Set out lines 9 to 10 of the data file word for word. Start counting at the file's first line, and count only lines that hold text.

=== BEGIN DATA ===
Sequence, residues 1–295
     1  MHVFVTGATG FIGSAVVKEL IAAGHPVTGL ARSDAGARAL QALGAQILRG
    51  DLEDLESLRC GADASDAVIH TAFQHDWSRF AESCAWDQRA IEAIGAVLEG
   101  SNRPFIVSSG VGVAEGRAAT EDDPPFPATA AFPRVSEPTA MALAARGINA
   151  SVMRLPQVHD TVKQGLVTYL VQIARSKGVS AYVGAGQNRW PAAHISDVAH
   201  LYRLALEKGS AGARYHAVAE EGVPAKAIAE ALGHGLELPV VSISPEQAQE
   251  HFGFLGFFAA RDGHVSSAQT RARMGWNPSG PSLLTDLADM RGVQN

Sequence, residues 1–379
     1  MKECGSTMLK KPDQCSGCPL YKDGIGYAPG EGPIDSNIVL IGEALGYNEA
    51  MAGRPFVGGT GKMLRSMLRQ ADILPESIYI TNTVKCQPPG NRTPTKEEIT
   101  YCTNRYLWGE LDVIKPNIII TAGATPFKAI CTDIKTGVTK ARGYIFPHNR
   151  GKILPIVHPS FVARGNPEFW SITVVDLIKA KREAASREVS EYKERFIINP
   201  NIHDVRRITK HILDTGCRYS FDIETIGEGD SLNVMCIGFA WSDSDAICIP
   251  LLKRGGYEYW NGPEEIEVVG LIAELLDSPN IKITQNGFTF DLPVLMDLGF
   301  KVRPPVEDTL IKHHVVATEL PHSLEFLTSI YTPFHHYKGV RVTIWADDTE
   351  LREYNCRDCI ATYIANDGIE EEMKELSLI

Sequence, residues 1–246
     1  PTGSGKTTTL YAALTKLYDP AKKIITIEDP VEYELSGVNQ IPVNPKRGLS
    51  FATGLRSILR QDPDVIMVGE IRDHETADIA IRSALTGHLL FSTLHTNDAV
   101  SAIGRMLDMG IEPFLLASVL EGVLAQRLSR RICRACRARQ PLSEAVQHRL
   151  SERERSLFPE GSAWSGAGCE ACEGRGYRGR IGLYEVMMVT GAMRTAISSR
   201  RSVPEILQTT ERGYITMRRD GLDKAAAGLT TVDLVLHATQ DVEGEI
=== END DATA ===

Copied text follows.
     1  MKECGSTMLK KPDQCSGCPL YKDGIGYAPG EGPIDSNIVL IGEALGYNEA
    51  MAGRPFVGGT GKMLRSMLRQ ADILPESIYI TNTVKCQPPG NRTPTKEEIT